Cyberpunk 2077 – What Makes GOOD Gunplay, Gameplay & Combat?


What is going on Neon Nation and welcome back
to The Neon Arcade for some more Cyberpunk 2077 content. Today we are talking about Gunplay, where
Cyberpunk 2077 has seen improvements from last years demo to this year’s deep dive,
what makes good gunplay and the mechanics and systems driving weighty & satisfying combat This video will have emphasis on Cyberpunk
2077, but in all honesty these principles will apply to gunplay mechanics across all
shooters. Let’s start off with what I believe is one
of the most important elements of gunplay, which is the sound design. This is expressed in the weapon itself, but
also the varying surfaces, textures and elements bullets come in contact with. For example, Flesh should sound distinct from
concrete, and concrete should sound distinct from tile when it’s being fired at. The weapon sounds themselves should give you
a good idea on how strong it is, no matter if it’s being fired into flesh
or floor. I personally think all weapons in Cyberpunk should have
some aggressive undertone to it, and judging by the weapons we saw in the deep dive, I
think CD PROJEKT RED is for the most part doing a good job. The standout is the metallic supersonic clap
of the Revolver, but the Militech Rifle and CA Defender seems a little lethargic in how
it sounds, and could use a bassier and deeper punch. Coupled with the fact that the animations
are akin to you using a chunkier staple gun, it doesn’t embody the raw power of a big
heavy weapon. I do want to add that the lack of recoil was
in the strength build, and arm augmentations will likely reduce recoil to a certain degree,
but regardless, firing the more powerful weapons should be more jarring. This is also where meaty sound design can
off-set some of these potential lore-based reasons of having subdued recoil. Maybe add in a slight HUD rattle would convey
this more appropriately. I also want to add that when it comes to sound
design in practice, too visceral and you may experience listening fatigue and overstimulation
& too benign and you may feel like you are just going through the motions without any
weight behind your actions. This leads me into the second part of great
gunplay which is realistic physics, animations & Animations that align with the sound design. Animations of not only the kick of the weapon,
but the effects of riddling a body with bullets should mesh nicely with how powerful a weapon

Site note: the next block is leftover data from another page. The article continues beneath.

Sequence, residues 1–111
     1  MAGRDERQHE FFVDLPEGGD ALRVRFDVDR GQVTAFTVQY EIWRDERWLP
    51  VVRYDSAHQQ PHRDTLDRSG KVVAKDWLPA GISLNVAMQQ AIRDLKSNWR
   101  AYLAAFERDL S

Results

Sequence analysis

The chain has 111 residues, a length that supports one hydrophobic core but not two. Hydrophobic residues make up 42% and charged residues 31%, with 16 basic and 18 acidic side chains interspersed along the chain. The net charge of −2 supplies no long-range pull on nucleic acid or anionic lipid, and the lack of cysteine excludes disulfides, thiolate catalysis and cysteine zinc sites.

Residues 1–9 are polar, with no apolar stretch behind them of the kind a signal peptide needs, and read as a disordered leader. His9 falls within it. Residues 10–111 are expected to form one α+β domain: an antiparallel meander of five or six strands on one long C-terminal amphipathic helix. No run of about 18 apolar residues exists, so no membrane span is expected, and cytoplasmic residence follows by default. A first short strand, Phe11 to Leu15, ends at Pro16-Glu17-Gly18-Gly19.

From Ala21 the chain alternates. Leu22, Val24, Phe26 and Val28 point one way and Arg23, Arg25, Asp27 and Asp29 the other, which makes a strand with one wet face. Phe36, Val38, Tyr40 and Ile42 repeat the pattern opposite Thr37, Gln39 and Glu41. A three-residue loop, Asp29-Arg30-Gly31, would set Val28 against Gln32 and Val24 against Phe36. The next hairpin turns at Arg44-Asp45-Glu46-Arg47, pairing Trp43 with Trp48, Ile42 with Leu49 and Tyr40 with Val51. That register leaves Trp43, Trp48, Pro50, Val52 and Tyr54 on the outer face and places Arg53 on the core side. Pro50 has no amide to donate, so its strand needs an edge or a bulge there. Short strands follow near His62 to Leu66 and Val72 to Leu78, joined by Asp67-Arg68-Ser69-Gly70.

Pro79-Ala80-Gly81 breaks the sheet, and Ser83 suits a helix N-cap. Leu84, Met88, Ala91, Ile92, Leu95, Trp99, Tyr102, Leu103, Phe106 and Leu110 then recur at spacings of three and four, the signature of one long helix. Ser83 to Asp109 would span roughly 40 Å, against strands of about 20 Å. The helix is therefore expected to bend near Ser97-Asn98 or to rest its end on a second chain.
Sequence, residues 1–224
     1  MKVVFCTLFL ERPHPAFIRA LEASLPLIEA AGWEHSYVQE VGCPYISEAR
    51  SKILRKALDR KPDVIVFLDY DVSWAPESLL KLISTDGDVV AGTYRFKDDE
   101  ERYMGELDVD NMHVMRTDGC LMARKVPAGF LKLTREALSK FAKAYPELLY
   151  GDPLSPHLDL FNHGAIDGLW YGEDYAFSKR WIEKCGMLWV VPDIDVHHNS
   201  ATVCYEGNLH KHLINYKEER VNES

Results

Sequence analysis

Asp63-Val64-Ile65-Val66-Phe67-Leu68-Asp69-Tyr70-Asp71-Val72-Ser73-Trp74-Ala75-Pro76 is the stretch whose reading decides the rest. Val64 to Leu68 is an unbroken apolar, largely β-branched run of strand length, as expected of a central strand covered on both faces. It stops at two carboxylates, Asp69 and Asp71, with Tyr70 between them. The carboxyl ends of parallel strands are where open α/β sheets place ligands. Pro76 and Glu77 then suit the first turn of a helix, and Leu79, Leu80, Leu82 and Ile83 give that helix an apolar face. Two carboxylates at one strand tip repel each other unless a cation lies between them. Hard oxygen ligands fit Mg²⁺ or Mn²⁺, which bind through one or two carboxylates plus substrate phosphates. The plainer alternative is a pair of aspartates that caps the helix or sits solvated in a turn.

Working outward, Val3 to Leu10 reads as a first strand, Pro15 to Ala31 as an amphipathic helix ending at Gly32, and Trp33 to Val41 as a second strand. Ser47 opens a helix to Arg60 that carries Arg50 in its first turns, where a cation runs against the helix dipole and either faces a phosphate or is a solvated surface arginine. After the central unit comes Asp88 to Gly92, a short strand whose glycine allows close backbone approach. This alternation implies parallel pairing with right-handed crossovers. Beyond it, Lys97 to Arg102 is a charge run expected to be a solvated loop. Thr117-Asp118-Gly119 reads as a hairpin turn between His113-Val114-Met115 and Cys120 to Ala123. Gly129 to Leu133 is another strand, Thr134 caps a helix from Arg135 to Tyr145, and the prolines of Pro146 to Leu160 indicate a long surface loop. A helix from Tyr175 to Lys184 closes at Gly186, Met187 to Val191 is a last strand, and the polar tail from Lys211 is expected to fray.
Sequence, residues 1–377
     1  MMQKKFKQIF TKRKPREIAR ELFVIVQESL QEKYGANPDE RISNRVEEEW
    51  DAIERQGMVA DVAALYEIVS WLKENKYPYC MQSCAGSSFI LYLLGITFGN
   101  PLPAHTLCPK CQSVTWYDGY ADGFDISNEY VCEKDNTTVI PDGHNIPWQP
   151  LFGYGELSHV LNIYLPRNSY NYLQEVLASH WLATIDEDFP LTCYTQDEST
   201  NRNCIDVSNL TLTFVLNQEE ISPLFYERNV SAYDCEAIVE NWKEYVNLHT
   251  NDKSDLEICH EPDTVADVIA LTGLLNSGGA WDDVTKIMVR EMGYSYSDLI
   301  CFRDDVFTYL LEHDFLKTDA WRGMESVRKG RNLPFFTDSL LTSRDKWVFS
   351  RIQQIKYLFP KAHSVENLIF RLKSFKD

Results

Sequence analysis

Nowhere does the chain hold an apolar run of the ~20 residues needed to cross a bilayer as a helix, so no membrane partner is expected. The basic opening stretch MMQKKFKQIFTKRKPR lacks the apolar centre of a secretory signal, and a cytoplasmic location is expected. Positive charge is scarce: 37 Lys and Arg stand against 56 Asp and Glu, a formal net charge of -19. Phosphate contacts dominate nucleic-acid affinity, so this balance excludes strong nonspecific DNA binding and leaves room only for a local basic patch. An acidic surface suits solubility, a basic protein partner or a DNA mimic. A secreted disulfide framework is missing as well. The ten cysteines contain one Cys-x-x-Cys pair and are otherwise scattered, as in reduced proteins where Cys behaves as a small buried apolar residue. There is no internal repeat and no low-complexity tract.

is. Obviously a heftier weapon increases your
chances of dismemberment in Cyberpunk 2077, which is a potent addition to gunplay, and
stagger and wounding mechanics are will have a positive impact on how players perceive
certain weapons. The animations of enemies themselves seems
to be greatly improved, and I think the physics engine looks fantastic. Seeing an enemy “dance” as he’s being
pepperd by tracer rounds, or a chunk of a body fly halfway across the room, after a
grenade detonates blowing off cement chunks from a block that is close enough is really
awesome to see and makes the world react more contextually to your arsenal decisions. Dismemberment, staggering, Ragdolling & wounding seem
to all find a comfortable niche in the gameplay we’ve seen so far. Next is variety, customizability and augmenting
how you shoot. This is something that Borderlands 3 has done
incredibly well with procedurally generated weapons to boot. Multiple firing modes, variations, different
weapon manufacturers and a ton of unique weapon mechanics makes for an addicting shooting
experience. Shooting is going to be less Arcade-y in Cyberpunk,
and you will be able to mod your own weapons with attachments, but it’s a breath of fresh
air for unique gunplay to come back into the mix with BL3 and I hope CDPR infuses some
of the same principles here when it comes to unique weaponry, albeit to a less zany
degree. Matching customizability, with enough variety
and addicting but well-paced power scaling of weapons as you use and level them up can
drastically change gunplay from one player to another, which is a big chance for each